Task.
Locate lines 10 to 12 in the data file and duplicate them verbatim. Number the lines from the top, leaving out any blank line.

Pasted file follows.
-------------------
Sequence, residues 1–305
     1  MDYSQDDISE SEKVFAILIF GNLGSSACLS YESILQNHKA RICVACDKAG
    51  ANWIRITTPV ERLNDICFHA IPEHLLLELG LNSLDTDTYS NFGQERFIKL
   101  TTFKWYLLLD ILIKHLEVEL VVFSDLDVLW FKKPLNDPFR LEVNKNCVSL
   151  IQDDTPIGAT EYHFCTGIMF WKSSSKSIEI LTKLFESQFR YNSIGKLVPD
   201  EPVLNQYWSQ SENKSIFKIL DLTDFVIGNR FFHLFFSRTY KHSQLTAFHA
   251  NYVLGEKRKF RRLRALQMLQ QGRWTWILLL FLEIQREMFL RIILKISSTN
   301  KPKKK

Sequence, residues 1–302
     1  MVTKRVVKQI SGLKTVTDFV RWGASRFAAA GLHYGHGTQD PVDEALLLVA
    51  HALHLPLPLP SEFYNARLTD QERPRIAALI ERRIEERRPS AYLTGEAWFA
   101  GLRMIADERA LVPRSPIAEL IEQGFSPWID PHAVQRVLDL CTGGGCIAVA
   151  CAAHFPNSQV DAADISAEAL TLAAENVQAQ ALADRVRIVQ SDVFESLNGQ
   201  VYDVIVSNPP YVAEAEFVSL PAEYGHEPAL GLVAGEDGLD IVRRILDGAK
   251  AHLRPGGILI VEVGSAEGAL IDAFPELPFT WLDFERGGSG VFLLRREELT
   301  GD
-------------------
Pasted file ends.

     1  MVTKRVVKQI SGLKTVTDFV RWGASRFAAA GLHYGHGTQD PVDEALLLVA
    51  HALHLPLPLP SEFYNARLTD QERPRIAALI ERRIEERRPS AYLTGEAWFA
   101  GLRMIADERA LVPRSPIAEL IEQGFSPWID PHAVQRVLDL CTGGGCIAVA